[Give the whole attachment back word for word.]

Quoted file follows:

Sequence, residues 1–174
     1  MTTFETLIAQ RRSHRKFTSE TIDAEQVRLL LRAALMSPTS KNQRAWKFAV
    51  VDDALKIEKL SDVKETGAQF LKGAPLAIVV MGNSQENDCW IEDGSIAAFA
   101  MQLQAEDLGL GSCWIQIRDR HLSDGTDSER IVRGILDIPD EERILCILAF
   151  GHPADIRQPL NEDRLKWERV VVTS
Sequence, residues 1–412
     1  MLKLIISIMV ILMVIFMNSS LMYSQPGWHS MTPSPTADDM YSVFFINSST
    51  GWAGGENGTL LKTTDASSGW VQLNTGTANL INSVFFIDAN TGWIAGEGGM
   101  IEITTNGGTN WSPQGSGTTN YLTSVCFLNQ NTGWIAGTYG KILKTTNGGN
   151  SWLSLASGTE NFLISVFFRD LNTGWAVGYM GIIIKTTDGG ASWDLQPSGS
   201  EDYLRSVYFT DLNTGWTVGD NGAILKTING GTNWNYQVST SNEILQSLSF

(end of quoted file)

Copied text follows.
Sequence, residues 1–174
     1  MTTFETLIAQ RRSHRKFTSE TIDAEQVRLL LRAALMSPTS KNQRAWKFAV
    51  VDDALKIEKL SDVKETGAQF LKGAPLAIVV MGNSQENDCW IEDGSIAAFA
   101  MQLQAEDLGL GSCWIQIRDR HLSDGTDSER IVRGILDIPD EERILCILAF
   151  GHPADIRQPL NEDRLKWERV VVTS
Sequence, residues 1–412
     1  MLKLIISIMV ILMVIFMNSS LMYSQPGWHS MTPSPTADDM YSVFFINSST
    51  GWAGGENGTL LKTTDASSGW VQLNTGTANL INSVFFIDAN TGWIAGEGGM
   101  IEITTNGGTN WSPQGSGTTN YLTSVCFLNQ NTGWIAGTYG KILKTTNGGN
   151  SWLSLASGTE NFLISVFFRD LNTGWAVGYM GIIIKTTDGG ASWDLQPSGS
   201  EDYLRSVYFT DLNTGWTVGD NGAILKTING GTNWNYQVST SNEILQSLSF